Soundings : Synonyms for no
Recently, while reading Sheldon Hackney's engrossing memoir of his misadventures in the American culture wars after being nominated to chair the National Endowment for the Humanities, I came across a paragraph that made me reach for a pencil.
Mr. Hackney is discussing the long fight for racial justice in America, specifically the controversies over affirmative action, when he writes: "We find ourselves as a society in the worst of all situations: the public is tired of the effort, yet the problem isn't solved."
Reading this, I couldn't help but think of affordable housing on Martha's Vineyard.
Sure, we all agree that affordable housing is a problem here, just as we agree that it's important to save the whales, recycle our plastics, and sneeze into our sleeves. But if you measure this community's attitude toward the housing problem by what we do rather than what we say, it's easy to suspect that the sort of issue-fatigue Mr. Hackney writes about may be at play here.
One of the most glaring examples of lip service to the housing problem was Edgartown's handling of the Cozy Hearth project, a private effort to build 11 homes on 10.9 acres south of the regional trash transfer station. The Edgartown zoning board of appeals, while making all the right noises about the need for affordable housing, scaled the project back to nine houses.
Thresholds and tipping points are important things. Don't try to tell a drowning man that there's anything subtle about the distinction between having your head slightly above the water's surface and slightly beneath it. The ZBA's downsizing of Cozy Hearth in 2006 had the effect of stripping the word "affordable" out of the project, leaving it simply as housing - the last thing the Vineyard needs more of.
Bill Bennett, who proposed the Cozy Hearth project, appealed to the Massachusetts Housing Appeals Committee, which threw out the ZBA's conditions, ruling: "We find that the board's conditions in the aggregate make construction of the housing uneconomic."
Edgartown, again protesting that we love affordable housing as much as motherhood and apple pie, appealed the state ruling to Superior Court - and lost a second time. When Edgartown announced its intention to appeal yet again, Mr. Bennett finally threw in the towel. "We can't afford to do this any more," he told this newspaper in June. "I'm not going to spend any more money on legal fees."
There's a saying in the newspaper business that it's unwise to start an argument with a man who buys his ink by the barrel. Similarly, as Bill Bennett found out, it can be unwise to argue with a municipality that gets its money from taxes on $7.6 billion in real estate.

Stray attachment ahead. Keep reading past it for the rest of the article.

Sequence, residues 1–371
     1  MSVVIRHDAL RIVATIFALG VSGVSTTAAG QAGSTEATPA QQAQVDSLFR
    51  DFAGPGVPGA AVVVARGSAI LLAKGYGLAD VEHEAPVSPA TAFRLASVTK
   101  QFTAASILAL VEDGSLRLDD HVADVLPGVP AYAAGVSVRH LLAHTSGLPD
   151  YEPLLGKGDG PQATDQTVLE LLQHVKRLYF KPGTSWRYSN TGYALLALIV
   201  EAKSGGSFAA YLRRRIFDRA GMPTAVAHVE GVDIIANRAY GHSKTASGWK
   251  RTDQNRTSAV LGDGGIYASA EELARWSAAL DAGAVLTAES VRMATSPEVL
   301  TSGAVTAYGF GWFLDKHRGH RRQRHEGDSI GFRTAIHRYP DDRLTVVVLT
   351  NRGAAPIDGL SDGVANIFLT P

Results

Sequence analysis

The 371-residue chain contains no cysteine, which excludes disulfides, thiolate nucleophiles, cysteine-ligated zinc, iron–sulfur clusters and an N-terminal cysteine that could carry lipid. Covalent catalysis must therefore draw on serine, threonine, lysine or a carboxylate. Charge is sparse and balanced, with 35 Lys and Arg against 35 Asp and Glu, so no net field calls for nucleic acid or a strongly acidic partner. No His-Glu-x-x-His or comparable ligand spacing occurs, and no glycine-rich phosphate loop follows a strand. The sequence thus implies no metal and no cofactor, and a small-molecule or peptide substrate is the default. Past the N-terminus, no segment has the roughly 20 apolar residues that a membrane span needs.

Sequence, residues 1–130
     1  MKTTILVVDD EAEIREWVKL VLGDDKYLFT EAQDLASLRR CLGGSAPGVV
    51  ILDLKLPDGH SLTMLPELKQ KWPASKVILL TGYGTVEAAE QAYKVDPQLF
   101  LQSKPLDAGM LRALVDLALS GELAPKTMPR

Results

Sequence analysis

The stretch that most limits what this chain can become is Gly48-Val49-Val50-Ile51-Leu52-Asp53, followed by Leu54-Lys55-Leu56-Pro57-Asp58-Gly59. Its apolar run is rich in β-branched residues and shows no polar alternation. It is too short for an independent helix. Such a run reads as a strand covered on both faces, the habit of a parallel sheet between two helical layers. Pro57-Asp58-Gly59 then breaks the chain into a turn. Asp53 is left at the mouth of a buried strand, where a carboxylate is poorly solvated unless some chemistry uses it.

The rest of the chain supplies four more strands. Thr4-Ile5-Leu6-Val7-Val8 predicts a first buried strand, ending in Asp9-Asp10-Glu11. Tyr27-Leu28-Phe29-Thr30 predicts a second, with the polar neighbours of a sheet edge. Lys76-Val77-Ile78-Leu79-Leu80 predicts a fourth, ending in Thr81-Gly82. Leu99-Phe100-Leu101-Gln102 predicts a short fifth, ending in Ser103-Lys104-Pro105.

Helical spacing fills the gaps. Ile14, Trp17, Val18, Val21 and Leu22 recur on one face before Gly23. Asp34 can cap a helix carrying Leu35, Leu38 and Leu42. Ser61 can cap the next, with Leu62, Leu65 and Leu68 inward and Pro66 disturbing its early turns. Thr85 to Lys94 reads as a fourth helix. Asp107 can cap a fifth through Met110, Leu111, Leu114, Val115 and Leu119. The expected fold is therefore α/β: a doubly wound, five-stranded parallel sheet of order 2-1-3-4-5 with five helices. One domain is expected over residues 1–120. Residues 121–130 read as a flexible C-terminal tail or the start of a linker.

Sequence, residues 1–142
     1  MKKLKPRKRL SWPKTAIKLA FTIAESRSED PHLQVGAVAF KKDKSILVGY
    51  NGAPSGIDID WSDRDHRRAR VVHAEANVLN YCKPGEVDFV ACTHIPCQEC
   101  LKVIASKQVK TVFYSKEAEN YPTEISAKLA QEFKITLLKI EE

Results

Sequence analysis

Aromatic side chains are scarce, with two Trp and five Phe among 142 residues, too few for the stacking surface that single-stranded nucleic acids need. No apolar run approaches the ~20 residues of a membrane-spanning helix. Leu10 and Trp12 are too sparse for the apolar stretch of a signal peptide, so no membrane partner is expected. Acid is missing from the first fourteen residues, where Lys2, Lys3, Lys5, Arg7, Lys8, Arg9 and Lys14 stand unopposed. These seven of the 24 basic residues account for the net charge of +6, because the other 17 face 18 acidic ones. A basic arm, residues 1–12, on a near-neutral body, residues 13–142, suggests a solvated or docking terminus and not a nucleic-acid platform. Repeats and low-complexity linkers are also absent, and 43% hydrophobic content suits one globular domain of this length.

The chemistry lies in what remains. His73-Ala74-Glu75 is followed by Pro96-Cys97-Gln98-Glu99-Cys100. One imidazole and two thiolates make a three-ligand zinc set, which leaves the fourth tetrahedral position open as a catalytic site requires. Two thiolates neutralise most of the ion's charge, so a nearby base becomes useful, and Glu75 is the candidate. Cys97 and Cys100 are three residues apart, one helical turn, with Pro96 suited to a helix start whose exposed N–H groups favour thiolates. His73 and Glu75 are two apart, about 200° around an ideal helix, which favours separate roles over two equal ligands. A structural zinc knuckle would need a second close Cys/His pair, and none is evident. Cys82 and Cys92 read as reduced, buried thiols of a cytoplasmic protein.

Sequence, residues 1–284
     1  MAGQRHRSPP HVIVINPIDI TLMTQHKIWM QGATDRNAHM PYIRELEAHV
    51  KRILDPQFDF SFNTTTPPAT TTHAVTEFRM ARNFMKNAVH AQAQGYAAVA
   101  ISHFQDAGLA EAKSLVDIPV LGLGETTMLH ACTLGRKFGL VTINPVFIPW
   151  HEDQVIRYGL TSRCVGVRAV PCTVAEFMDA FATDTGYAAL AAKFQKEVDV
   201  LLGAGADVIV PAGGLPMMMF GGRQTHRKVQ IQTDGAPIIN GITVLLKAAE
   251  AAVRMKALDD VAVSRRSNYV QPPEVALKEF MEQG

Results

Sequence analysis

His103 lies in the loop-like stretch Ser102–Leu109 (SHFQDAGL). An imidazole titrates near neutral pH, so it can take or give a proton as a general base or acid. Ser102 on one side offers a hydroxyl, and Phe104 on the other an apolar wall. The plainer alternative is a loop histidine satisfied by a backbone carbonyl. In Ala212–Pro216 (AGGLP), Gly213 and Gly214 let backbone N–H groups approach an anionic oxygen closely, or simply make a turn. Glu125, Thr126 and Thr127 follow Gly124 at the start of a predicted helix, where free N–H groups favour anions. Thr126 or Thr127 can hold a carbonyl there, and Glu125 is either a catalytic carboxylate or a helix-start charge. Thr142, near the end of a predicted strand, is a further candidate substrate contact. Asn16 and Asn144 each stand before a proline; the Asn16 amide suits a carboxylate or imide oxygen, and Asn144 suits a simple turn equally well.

Edgartown didn't need to be right in this case. It needed only to have deeper pockets than Mr. Bennett. The town appealed, and appealed, and appealed, until it accomplished with litigation what it could not do with ZBA restrictions.
Edgartown finally succeeded in rendering Cozy Hearth "uneconomic," just as surely as the NIMBY neighbors of Bridge Commons in Vineyard Haven wore down the ecumenical Bridge Housing Corp. with their years of legal wrangling. In a way, this is a lose-lose situation for the Island. We'll never know how many under-housed Vineyard families we could have helped with all the money that was spent to stop Cozy Hearth and Bridge Commons.
The Cozy Hearth property is now on the market. Look for mansions with pools to pop up there as soon as the stock markets rebound. At least now, that neighbor who lives on his 5.5 acres of inherited property next door can stop worrying about the prospect of houses crammed together on - horrors! - one acre apiece. This guy actually told the Boston Globe, "I don't want to feel like I live in the city."
Edgartown, in many respects, has the most impressive record on affordable housing of any town on the Vineyard. But the issue of density remains a sticking point in our civic dialogue around the issue of housing. The overwhelming reality at the heart of the Island's housing problem is the exorbitant cost of land - which means the judicious use of density will always be an essential part of any strategy to house our community.
Ewell Hopkins, the new director of the Island Affordable Housing Fund, put it succinctly in a recent conversation: "The irony is that we've embraced the idea of density on a commercial level. But we refuse to embrace it in terms of human preservation. I mean, look at Circuit Avenue. What could be more dense?"
What's more dense? I'd say it's us - when we fail to see that each time we say "Yes, but!" to an affordable housing project, and the "but" entails a reduction in density, all we've really done is to slap a veneer of rationalization over an underlying "No."